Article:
Well, glory be, the Festival of Marking 2012 is over. I finished this afternoon, and am now a free woman for the next three days at least.
While I have been chained to the red pen I haven’t done much at all, but the Medieval Historian is having some sort of rush of blood the head and wants to do some DIY, including, finally, helping me to put up the Death Quilt. I have blogged about it before, but as a quick recap: I made this as a memorial to mark the twentieth anniversary of my Dad’s death in October 2011. I also made it because I am interested in how women have used quilt making to mark significant events in their lives: weddings, christenings, departures and so on, but not death. In the nineteenth century when mortality was a much more present reality than today women made death quilts and mourning quilts including those made while sitting with the dying. There are examples of women making quilts from their husband’s shirts after their death, but this is quite rare now. I will come back to this in subsequent posts, I expect. But this is my first attempt, and it is very Victorian with the mourning statuary and the toad, a symbol of life and death. I love the quilt.
This isn’t the best photo of it, as I took it with my phone, but it shows how I mounted the piece onto a painted ready stretched box canvas. I painted it with a glorious rich very, very dark brown emulsion from Farrow and Ball called Tanner’s Brown. I prefer this to black which can be a bit stark and would have blurred into the quilt itself. The wall was also painted another in another Farrow and Ball colour, Brassica, which is a chalky light purple-y colour, and the two together look very sophisticated together – nothing to do with the rest of the room or the rest of our life, but rather pleasing as a combination. It’s the first time I have given a largish piece this treatment and I very happy with the way it came out. I think I will do it again. The quilt itself is faced rather than bound and this gives it a softer outline which I think contrasts quite well with the strong lines of the mount.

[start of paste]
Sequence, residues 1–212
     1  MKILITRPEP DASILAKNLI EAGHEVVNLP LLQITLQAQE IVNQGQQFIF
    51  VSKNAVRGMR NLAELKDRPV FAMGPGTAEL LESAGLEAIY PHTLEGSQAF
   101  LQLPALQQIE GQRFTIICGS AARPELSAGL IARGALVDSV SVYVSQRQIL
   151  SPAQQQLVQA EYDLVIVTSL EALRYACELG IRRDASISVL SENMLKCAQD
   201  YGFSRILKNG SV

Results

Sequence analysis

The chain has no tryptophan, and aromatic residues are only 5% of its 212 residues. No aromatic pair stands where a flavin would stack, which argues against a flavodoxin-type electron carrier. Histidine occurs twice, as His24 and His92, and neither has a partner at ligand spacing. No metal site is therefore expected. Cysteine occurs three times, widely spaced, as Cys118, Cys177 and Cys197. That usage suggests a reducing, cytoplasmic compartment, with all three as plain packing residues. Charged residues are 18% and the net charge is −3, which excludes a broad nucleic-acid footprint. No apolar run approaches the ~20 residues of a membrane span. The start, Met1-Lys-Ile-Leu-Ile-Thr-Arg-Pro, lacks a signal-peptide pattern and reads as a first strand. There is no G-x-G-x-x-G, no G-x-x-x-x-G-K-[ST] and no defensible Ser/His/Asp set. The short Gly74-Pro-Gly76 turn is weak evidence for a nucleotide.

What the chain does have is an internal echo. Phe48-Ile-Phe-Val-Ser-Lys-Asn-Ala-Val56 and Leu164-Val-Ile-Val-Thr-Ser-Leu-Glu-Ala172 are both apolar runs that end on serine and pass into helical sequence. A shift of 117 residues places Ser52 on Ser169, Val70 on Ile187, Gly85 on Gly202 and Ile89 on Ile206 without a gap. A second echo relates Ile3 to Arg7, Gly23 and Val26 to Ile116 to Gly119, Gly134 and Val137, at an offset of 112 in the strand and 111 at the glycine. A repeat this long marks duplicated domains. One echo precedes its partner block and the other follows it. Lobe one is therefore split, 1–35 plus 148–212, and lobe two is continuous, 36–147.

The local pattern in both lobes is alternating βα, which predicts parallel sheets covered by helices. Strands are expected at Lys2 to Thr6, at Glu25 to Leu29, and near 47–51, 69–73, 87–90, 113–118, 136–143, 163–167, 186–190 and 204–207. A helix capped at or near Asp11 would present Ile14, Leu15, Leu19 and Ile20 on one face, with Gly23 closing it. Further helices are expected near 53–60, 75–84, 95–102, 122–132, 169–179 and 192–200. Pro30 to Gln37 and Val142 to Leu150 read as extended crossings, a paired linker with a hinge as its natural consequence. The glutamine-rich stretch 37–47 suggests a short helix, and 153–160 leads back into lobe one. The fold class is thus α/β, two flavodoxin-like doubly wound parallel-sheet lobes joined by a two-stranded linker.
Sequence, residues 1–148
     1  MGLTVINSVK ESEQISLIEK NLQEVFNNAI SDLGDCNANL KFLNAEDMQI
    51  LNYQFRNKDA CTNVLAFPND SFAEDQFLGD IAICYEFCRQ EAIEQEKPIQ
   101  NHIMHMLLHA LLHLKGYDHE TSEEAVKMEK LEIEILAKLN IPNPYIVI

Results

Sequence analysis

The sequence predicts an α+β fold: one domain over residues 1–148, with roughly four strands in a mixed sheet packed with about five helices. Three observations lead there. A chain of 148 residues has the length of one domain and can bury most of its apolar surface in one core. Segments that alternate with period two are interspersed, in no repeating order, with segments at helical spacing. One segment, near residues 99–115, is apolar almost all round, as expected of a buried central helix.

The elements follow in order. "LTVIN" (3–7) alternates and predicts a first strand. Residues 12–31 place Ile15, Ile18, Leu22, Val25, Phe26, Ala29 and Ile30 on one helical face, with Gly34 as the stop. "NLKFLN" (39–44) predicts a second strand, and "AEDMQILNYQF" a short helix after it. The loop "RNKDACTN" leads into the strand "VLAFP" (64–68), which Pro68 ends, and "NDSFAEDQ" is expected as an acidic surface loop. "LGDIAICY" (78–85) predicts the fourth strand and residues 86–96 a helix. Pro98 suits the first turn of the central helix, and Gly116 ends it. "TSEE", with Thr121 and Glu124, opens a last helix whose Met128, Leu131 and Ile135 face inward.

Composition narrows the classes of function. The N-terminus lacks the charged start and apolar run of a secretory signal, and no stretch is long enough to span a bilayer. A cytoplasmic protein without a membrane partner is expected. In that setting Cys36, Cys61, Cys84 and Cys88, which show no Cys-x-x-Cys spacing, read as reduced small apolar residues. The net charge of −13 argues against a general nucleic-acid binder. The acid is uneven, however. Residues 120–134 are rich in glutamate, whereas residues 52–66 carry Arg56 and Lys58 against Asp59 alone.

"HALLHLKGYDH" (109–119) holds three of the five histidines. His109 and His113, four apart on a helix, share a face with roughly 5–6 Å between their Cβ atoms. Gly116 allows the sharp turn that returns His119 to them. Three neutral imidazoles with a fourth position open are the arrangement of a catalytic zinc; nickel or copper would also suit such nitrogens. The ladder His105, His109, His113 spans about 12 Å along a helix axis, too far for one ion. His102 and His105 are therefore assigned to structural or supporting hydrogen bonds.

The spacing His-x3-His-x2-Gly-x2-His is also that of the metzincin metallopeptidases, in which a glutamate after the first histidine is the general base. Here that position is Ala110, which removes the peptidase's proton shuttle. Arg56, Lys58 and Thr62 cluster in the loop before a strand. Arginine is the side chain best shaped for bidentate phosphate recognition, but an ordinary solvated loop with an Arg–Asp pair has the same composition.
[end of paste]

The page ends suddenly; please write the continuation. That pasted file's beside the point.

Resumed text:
I have started using photographs from my phone as they are so much quicker to load, but I think I might go mad and use one from my camera to give a better resolution for this quilt as it is detailed and rich, and worth seeing the paint colours together. I am not quite sure that we will want to live with this moment mori for that much longer but I will definitely think about using this mounting technique again.